In Denial of Crisis: Part III

By: David Jensen | Fri, Jun 24, 2005
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David Jensen is the Principal of Jensen Strategic a Vancouver-based strategic planning and business advisory services company.

Failures

That our monetary system and economy could now face its current peril is the end-result of a gradual process. Expansion of an increasing debt cycle dramatically increased by loose monetary policy and low interest rates starting in the mid-1990's exacerbated a consumption and speculation dynamic by telling consumers they were worth much more than they were in reality. During this process, consumers have not been discouraged from speculating and incurring debt - in fact, in 2004 Chairman Greenspan coyly noted that consumers could have saved substantially had they been using variable rate mortgage credit. No money down, interest only and also variable rate mortgages have been at the core of the current real estate speculative bubble.

Speculation in financial instruments has also undervalued commodities during the period of monetary expansion. North American cities have been structured on the premise of cheap energy with the number of car miles in the U.S. more than doubling since 1992 due to urban sprawl and in 2004, the D.O.T. noted that the average weight of an American vehicle had exceeded 4,000 lb. Our cities are now exactly incorrectly structured for the future high energy costs.

Central bankers have been desperate during this period to stimulate any economic activity possible to avert the post bubble decline. However, their policies and enticements have been retrograde in increasing unsustainable debt load and economic distortion with diminishing economic returns while compounding instead of mitigating the consequences. Greater and greater growth rates of debt are now needed just to sustain the economy. A coherent strategy is wholly missing and Fed policy appears to be more of a form of delay of consequences and denial of the sum of their cardinal errors during the past decades rather than prudent and rational forward guidance.

When confronted with questions about its policy, the Fed has obfuscated and insisted on the rightness of its policy decisions. Governments and central bank officials have passed on opportunities to address the negative consequences that have resulted from monetary and fiscal policy error always seeming to insist that desperate times call for further desperate measures like lowering interest rates to 1%. And there has never been a public accounting, public policy analysis or changing of the guard at the Fed even after dot.com stock market bubble broke in 2000 and Fed's policy error became clear to all (presumably because the Fed's loose monetary policies were encouraged by Government and the financial communities).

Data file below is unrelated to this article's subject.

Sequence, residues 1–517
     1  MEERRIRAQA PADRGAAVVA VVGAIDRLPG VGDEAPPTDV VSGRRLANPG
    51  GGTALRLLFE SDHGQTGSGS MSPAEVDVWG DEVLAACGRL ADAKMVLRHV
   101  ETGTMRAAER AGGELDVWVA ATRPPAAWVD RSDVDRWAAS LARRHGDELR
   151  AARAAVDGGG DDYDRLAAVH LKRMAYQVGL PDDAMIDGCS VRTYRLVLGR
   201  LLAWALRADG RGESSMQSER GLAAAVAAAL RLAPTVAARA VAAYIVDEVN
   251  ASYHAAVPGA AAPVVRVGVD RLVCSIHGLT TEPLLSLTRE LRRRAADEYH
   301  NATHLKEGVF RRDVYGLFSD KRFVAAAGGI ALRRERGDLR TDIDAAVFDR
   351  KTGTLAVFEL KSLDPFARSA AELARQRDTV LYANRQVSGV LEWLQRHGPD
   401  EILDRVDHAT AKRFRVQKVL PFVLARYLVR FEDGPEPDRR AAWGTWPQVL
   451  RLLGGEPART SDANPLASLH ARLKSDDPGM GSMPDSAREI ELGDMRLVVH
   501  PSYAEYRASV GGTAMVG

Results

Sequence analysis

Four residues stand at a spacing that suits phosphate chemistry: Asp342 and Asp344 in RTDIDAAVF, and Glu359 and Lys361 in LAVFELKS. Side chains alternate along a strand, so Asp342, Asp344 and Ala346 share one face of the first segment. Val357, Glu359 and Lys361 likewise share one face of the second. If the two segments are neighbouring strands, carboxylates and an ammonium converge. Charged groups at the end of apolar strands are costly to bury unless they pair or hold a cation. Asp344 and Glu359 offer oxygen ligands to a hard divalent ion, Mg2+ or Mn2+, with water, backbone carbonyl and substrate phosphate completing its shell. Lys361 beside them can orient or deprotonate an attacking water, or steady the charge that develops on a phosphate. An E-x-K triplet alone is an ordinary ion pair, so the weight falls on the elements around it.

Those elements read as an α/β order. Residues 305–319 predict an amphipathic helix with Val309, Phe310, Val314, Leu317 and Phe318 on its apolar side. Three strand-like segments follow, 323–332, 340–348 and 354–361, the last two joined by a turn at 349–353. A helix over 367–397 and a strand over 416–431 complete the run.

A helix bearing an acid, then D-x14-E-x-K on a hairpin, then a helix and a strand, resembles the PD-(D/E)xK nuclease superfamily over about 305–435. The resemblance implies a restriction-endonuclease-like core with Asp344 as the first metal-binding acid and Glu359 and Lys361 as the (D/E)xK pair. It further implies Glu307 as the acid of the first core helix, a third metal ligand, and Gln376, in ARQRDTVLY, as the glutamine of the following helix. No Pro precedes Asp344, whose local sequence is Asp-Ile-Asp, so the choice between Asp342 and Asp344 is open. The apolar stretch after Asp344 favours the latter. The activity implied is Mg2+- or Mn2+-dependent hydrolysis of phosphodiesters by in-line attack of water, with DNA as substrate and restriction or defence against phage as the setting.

The blow-off of this monetary cycle will leave many questions to be answered as well as opportunities for improvement in society.

At the core of our current predicament is the failure of central bank fiat monetary systems and, at best, imprudent risk taking with the economy of the U.S. Because of the consequences and dependency of Canada and, for that matter, the world's economy on US consumption, the stakes are very high. Morgan Stanley's Stephen Roach56 notes that from 1995 to 2002 the U.S. accounted for 98% of the World's net GDP growth.

Beyond the odd article voicing the concerns of Paul Volcker, Warren Buffett and John Templeton, the mainstream media has been virtually absent from any critical, substantive analysis of monetary and economic policy acting more as cheerleaders of the stock markets and economies in Canada and the U.S. Typical is the hyping the headline releases given by various government agencies. "Consumer confidence is down but the unemployment rate is dropping. Inflation is up, but core inflation is mild. The producer price index is rocketing but inflation is expected to remain tame." With little critical and real analysis, a media hooked on providing "infotainment", and with soothing words emanating from government, the average individual in society has no chance to understand the greater dynamics at play - and they have little chance of taking defensive investment positions given the hype created around stocks and housing encouraged by government policy and the media.

Ultimately, the responsibility for the current situation lies with individuals in society who have not held the government and financial institutions to higher standards demanding prudent policy and responsible advice. The ability to vote both with the ballot and with investment dollars is a strong incentive and has not been used as citizens appear to be willing to suspend critical analysis and performance demands in favor of optimism. The latter is much easier than the others and it is actively encouraged by media, government and the financial industry.

For individuals to plan responsibly, fidelity of information is required and this has not been provided by our media which has been concentrated to a greater and greater extent in both Canada and the U.S. In his paper "My Beef with Big Media", Ted Turner notes:

"When media companies dominate their markets, it undercuts our democracy. Justice Hugo Black, in a landmark media ownership case in 1945 wrote: "The First Amendment rests on the assumption that the widest possible dissemination of information from diverse and antagonistic sources is essential to the welfare of the public."57

Turner presents information as to how major corporations influence media content and how, even with the internet, the top 20 US internet media new sites are owned by the same media conglomerates that control the broadcast and cable networks. Here in Canada, "media concentration has grown to the extent that 84% of Canadian media is owned by the five largest media companies, resulting in "increasingly homogenous perspectives"".58 We now have CanWest Global controlling 30% of the Canadian media market59 (for instance, owning both major daily newspapers in Vancouver) and CanWest firing the editor of the Ottawa Citizen paper in 2002 when he dared write an editorial critical of the Prime Minister. Canadians tolerate this level of concentration.